I’ve had a lot of questions about the Hu-breath that I mentioned awhile back. People want to know what the heck it is and how you do it. As I said in the previous blog, it’s an exercise I do every morning. At least I intend to, and when I skip it I wish I hadn’t. Twenty minutes of it is supposed to be the equivalent of an hour of aerobics, so it’s perfect for people who don’t or can’t do more strenuous exercise.
I learned the technique many years ago from Emilie Conrad, the founder of Continuum and the author of Life on Land (North Atlantic Press). Emilie is a magical woman who has touched the lives of many people, including mine. Emilie does workshops all over the country, and if you get a chance to experience one of them, it’s well worth the time and expense. Since a long time has passed since I learned the Hu-breath from her, it’s quite possible that my way is an adaptation rather than the way she taught it. At any rate, in response to requests on how to do it, and with apologies to Emilie if I’ve dummied it down, here’s the exercise:
Lie on your back. Take a few deep breaths, then hold as much air as you can in your cheeks. In short panting expulsions, breathe out the held breath with enough force to feel the movement all the way down to the soles of your feet. Don’t purse your lips, but keep them rather flat, as if you were Dizzy Gillespie playing a trumpet. Repeat that, pushing out air that you hold in your cheeks in short blasts until it’s gone, then take another breath, hold it, and push it out. As you do this, pay attention to where you feel the pulsing in your body. Notice that you can focus the movement of breath so that it’s stronger in one spot than another, and play with moving it around. If you have tension in some part of your body, move your focus there and allow the breath to pulse there until the tension loosens.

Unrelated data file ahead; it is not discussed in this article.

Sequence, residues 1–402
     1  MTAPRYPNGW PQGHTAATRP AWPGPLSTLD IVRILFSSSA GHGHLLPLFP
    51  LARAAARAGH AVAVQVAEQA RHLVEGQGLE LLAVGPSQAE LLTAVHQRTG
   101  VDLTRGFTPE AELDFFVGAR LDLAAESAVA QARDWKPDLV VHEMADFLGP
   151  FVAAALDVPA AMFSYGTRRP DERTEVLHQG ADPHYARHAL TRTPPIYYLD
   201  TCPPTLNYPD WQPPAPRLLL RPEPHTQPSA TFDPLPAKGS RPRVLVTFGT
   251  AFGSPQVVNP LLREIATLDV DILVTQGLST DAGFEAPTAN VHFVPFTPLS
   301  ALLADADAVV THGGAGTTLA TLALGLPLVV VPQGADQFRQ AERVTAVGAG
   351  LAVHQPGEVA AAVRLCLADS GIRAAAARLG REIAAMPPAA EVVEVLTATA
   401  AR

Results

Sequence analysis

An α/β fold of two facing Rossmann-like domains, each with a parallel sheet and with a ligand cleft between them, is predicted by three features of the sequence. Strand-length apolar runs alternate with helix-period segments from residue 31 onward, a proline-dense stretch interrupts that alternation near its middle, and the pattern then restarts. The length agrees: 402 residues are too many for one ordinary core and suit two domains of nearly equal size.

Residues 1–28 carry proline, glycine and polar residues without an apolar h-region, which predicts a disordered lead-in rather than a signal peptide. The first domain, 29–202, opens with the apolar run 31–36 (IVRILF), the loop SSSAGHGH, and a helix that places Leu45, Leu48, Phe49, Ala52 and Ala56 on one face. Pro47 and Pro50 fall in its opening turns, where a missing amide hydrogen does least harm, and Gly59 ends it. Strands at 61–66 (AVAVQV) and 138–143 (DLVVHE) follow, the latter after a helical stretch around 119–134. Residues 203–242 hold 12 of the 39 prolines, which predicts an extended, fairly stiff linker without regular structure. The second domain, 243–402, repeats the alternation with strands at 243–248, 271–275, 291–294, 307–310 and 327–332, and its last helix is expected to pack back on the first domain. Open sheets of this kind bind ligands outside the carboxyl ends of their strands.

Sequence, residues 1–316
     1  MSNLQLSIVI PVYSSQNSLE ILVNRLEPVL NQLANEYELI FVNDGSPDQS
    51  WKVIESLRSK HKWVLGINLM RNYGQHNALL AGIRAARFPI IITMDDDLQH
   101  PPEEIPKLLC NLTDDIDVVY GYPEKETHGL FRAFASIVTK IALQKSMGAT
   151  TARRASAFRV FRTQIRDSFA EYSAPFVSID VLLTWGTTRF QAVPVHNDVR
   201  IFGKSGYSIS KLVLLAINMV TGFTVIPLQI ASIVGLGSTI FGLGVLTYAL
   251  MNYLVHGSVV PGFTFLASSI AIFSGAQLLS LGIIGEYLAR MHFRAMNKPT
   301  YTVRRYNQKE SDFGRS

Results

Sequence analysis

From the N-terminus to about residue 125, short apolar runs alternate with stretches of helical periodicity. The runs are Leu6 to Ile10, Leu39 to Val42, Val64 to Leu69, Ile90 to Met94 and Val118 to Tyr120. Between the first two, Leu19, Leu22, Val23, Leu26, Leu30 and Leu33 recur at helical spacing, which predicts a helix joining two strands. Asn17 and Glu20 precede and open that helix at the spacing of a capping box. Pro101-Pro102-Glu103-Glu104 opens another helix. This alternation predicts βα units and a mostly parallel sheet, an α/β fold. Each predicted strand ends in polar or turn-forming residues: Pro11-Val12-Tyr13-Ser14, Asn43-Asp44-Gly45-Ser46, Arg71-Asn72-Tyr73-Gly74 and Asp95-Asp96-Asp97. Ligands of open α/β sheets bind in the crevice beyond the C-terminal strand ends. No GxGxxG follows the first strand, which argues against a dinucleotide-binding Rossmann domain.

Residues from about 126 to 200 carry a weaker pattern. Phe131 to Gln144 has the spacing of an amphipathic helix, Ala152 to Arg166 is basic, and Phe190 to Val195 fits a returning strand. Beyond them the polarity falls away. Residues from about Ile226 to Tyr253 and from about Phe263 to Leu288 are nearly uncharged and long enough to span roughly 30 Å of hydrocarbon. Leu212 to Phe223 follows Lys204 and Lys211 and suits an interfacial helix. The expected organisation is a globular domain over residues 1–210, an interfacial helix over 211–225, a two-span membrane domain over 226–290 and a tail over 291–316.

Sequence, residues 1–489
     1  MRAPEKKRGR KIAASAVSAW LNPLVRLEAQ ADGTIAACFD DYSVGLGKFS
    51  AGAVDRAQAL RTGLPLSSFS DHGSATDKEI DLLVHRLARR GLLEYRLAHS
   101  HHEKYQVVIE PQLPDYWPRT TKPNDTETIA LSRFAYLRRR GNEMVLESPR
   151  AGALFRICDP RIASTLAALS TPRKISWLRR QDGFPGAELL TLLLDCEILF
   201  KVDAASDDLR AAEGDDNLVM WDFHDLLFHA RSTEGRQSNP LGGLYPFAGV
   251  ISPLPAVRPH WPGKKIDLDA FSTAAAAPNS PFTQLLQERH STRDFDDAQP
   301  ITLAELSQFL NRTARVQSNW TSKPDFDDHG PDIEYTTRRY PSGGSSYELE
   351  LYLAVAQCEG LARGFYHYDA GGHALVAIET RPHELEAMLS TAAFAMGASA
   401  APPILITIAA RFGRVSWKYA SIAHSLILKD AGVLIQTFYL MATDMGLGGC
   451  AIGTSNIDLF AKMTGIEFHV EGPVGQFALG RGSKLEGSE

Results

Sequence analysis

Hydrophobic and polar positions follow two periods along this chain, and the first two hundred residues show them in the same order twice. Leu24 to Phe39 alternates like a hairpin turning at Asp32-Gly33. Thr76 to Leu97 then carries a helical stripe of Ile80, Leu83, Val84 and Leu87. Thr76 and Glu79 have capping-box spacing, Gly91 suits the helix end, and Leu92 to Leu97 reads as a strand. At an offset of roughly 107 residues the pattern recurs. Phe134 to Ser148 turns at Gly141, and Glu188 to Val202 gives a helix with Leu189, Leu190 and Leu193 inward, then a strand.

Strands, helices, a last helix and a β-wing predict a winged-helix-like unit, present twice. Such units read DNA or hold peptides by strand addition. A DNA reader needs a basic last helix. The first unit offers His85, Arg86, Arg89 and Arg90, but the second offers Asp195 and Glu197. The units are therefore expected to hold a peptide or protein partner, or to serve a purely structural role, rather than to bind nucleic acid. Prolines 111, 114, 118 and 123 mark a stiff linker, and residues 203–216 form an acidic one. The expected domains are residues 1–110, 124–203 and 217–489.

As you do this breathing, you’ll find that your body wants to move. Your spine will want to stretch and undulate, your arms and legs will want to lift and move, your neck will want to stretch and flex. You’ll begin to move like the ocean, in waves. Let all that movement happen, and keep the pulsing breath going.
The first time you do the exercise, you may not be able to do more than two or three minutes. Next time, you may get to five minutes. Every time you do it, you’ll be able to keep up the breathing longer, and after a while twenty minutes will be easy. When you get up, you’ll find that you move more easily, that you feel lighter, that you breathe more deeply.